31st January 2011

Future Shop Names Tech Lab Winners

Future ShopFuture Shop has announced the six Canadian high schools that will be receiving state-of-the-art technology labs through donations totalling $300,000 in 2011. Thanks to the generosity of Future Shop’s Future Generation Tech Lab program, selected schools from across the country in British Columbia, Ontario and Quebec will receive $50,000 each to use based on their needs to build new technology classrooms that benefit programs and engagement of students.

“We’re proud of the Future Generation Tech Lab program’s continued support of education in Canada,” said Todd Empey, Vice President of Store Operations, Future Shop. “This is our fourth consecutive year supporting high schools across Canada; the transformations and impact they have for the students and programming is remarkable. I’m looking forward to seeing the unveilings of the new classrooms when they’re completed in September.”

Launched in 2007, the Future Generation Tech Lab program is designed to give back to the communities Future Shop serves and reduce both the digital and economic divide within Canadian high schools. More than 90 high schools applied for a Future Generation Tech Lab donation, double the amount of applicants in 2010.

According to a Student Awards poll conducted by Uthink Online (a subsidiary of StudentAwards.com) on behalf of Future Shop from July 27 – August 13, 2010, 87 per cent of Canadian high school students shared they would take more advantage of technology in school if it were up-to-date and functional. This online survey of 1,000 included Canadian students from grades 10 to 12 demonstrates the need for continuing scholastic support by programs like Future Generation Tech Lab.

The following six high schools were selected to receive $50,000 each through the Future Generation Tech Lab program:

British Columbia

  • Burnaby North Secondary School (Burnaby) – As one of the largest high schools in British Columbia, Burnaby North S.S. has only one computer per 18 students. Also, in addition to existing students attending Burnaby North S.S., eight districts send students to participate in the school’s Digital Sound Production and the Film and Broadcast Industry Connect programs. With a large amount of students enrolling in the program, the Future Generation Tech Lab donation is imperative to sustain and expand its services.
  • Norkam Secondary School (Kamloops) – The majority of Norkam S.S.’ computers are either donated or refurbished, and quickly deteriorating. The lack of modern technology is affecting key programs like the Video and Media Technology course which has just eight computers and dated video cameras. The Future Generation Tech Lab donation will be used to upgrade the classroom to bring it up-to-date with new computers, editing equipment and creation of a mini-sound state with lighting and a green screen.

Ontario

  • St. Joseph’s Catholic High School (Windsor) – Visuals Arts is one of the school’s most popular programs, where classes like photography, graphic design and flash animation create waiting lists each year. Sadly, the four computers and technology used to carry out some of these programs are dated and limit the development of skills for the students. The Future Generation Tech Lab donation will be used to purchase new equipment and provide students with an improved and more creative learning environment.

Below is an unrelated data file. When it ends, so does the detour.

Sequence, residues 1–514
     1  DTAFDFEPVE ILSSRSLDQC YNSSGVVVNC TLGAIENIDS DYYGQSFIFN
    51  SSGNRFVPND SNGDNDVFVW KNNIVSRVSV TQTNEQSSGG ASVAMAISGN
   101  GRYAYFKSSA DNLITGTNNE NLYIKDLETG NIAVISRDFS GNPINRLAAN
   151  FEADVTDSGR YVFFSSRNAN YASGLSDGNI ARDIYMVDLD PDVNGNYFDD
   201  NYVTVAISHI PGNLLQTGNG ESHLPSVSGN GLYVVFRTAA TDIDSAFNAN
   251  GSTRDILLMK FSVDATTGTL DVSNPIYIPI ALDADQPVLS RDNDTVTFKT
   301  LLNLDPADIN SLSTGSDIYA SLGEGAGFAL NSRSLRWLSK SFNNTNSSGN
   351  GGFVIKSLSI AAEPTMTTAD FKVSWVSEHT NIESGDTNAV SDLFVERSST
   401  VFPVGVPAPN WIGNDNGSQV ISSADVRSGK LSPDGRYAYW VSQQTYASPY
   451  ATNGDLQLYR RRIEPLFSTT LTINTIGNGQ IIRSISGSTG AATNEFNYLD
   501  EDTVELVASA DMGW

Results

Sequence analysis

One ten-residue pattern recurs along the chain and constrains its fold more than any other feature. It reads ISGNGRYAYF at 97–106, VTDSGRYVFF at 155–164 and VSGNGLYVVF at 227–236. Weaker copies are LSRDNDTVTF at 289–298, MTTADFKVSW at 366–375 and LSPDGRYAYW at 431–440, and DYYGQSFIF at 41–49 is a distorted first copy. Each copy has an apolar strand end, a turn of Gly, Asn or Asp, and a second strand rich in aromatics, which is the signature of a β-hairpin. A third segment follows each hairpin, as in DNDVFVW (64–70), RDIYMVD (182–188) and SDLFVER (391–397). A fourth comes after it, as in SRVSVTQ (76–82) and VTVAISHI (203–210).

• Highland Secondary School (Dundas) – A recent theft and vandalism at the school, 45 year-old machinery that was installed the year the school was built and computers almost a decade old, will soon be upgraded thanks to the Future Generation Tech Lab program. Highland S.S. plans to use the donation money to build a cross-curricular program that features an integrated learning hub for students interested in communications, machinery and Custom Car Design and Drafting (CAD) services.
  • L’école secondaire publique Omer-Deslauriers (Ottawa) – A minority French education school in Ottawa with more than 70 different countries represented in its student body, L’école secondaire publique Omer-Deslauriers is a culturally diverse school with little technology. With only one computer for every six students, Omer-Deslauriers will use their Future Generation Tech Lab to outfit a classroom with equipment to elevate classes in its Information, Technology and Communications program. The new technologies acquired from the donation will fulfill student needs, such as learning audio and video montages, animation and web design.

Quebec

  • L’école secondaire Cavelier-De LaSalle (Montreal) – Known as a school with a less fortunate student population, L’école secondaire Cavelier-De LaSalle will use its Future Generation Tech Lab donation to boost morale and productivity. The donation will benefit three programs and 25 classes. Technology will be purchased to teach students how to develop communications skill-sets, such as creating newsletters and presentations, as well as provide research and developmental support for the general student body, including those with learning disabilities.

Photos of the current state of each classroom above will be available online for viewing beginning February 1, 2011. Reveals of the classroom upgrades and renovations will be shared in September.

This entry was posted on Monday, January 31st, 2011 at 10:06 am and is filed under Business News, Education, National News. You can follow any responses to this entry through the RSS 2.0 feed. You can leave a response, or trackback from your own site.

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